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South Korean man jailed for refusing military service after admitting he loves PUBG: Battlegrounds, which 'makes the court question whether his conscientious objection is authentic'

 Pubg.
Pubg.

The South Korean Supreme Court has upheld an 18-month prison sentence imposed on a South Korean man who refused to attend military service after being drafted (as reported by the Korea Herald and spotted by GamesRadar+). The length of the sentence is deliberate: 18 months of military service is mandatory for all able-bodied South Korean men under the Military Service Act. The man had refused on the basis of his being "against all war and violence" but his punishment was upheld, at least in part, because he enjoyed PUBG: Battlegrounds.

The man was first indicted in November 2018, which is when he claimed to be a conscientious objector who would not enlist due to his personal stance against violence and war. In South Korea there are very occasional exemptions for cultural icons and elite athletes but otherwise little tolerance towards those who wish to avoid the draft, to the extent that even global megastars like BTS are currently doing their service.

With that context, it's not especially surprising that the court had little sympathy for the man's claims of being a conscientious objector. But what's eyebrow-raising is the logic it uses to get there.

"The defendant has not put any effort into spreading or realizing what he says is his ideological belief, such as working at an NGO related to anti-violence, anti-war, or peace," reads the court's verdict. It further noted that there was no evidence of such behaviour before he was drafted, either. But here we go:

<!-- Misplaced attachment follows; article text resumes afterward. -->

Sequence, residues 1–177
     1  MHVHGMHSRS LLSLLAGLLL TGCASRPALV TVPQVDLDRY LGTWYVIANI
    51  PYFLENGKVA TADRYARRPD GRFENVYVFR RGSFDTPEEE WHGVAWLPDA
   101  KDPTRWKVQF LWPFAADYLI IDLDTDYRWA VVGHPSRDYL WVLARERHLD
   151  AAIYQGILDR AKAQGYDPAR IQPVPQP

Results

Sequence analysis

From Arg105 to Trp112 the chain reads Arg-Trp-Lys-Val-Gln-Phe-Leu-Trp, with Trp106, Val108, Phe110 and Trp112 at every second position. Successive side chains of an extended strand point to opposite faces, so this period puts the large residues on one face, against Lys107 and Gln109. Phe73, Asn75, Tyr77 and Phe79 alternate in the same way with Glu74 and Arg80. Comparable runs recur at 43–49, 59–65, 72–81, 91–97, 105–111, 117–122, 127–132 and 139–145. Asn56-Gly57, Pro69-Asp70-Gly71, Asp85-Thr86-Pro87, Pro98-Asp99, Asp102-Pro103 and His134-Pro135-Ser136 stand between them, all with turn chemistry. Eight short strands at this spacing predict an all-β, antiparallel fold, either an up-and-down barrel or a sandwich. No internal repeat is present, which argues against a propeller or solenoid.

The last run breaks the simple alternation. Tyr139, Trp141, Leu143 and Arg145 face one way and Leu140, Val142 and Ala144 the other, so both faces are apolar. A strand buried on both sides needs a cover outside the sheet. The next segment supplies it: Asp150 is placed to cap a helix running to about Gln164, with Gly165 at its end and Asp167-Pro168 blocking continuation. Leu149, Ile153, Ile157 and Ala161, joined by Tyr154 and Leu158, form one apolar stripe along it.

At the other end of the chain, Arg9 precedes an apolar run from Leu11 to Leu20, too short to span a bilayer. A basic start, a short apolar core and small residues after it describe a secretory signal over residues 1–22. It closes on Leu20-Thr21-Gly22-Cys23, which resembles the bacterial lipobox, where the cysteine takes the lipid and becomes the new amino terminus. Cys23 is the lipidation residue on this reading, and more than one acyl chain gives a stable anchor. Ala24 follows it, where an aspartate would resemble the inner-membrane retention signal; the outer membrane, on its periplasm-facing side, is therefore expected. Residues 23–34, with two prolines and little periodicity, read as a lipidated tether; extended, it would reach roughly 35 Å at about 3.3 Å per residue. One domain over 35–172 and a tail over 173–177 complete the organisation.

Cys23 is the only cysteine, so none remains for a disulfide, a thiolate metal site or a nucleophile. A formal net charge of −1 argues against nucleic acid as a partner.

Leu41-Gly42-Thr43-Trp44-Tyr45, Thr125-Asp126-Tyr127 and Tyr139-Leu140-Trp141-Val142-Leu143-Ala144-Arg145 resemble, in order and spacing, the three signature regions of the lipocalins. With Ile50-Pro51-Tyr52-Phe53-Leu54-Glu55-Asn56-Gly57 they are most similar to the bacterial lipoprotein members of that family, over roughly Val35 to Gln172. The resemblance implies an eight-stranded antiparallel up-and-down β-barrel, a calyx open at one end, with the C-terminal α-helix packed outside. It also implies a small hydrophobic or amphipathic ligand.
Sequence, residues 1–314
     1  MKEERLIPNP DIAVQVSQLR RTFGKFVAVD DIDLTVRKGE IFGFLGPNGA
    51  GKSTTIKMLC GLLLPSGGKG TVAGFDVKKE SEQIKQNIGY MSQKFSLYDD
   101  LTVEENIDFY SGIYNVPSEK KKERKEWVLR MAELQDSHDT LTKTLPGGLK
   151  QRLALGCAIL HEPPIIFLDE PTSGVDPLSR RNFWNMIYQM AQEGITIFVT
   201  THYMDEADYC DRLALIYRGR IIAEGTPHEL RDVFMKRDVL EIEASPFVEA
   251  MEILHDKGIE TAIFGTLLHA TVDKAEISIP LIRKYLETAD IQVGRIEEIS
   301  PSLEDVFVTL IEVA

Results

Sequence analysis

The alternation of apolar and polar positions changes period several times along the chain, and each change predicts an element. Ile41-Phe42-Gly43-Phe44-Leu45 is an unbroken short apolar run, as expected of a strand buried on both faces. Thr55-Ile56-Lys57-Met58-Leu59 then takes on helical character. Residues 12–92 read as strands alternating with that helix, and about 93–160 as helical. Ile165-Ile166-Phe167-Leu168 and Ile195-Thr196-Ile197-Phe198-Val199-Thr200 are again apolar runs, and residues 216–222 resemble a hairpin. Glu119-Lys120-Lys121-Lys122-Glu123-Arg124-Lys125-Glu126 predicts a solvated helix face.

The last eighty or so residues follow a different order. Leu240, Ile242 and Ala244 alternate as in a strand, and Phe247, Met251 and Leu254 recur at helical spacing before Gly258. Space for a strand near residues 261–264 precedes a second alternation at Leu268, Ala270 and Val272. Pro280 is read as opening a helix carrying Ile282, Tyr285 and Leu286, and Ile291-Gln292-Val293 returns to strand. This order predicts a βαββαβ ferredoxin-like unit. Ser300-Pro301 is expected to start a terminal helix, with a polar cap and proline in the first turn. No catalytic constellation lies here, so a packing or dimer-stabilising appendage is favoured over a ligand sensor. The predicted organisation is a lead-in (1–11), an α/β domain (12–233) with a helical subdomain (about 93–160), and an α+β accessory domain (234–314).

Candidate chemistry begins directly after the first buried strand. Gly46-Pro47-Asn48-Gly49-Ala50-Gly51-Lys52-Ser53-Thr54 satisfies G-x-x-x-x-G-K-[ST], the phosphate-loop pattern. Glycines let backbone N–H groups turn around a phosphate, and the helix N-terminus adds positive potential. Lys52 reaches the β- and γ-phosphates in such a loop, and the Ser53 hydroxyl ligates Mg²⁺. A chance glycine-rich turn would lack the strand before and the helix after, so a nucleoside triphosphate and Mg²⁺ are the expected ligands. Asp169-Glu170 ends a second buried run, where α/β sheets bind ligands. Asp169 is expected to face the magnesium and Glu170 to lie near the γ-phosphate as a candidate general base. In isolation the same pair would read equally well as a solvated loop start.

"The defendant admitted that he frequently enjoyed playing the game 'Battlegrounds' which is about killing characters with guns in a virtual reality," reads the judgement. "The video game is different from reality. But the fact that the defendant—who says he is rejecting military service based on his personal opposition to violence and war—enjoys such a game makes the court question whether his conscientious objection is authentic."

There were other factors cited by the court, including that the man claimed the military disregards human rights and issues "rampant unfair orders" to its troops. It said neither of these issues were intrinsic to military training and circumstances varied depending on which service and which era an individual served in.

I suppose the court at least admits games are different from reality, but this nevertheless feels like far too straight a line between enjoyment of violence in entertainment and willingness to commit actual violence. It's perfectly possible to be a conscientious objector and interested in the history and nature of warfare.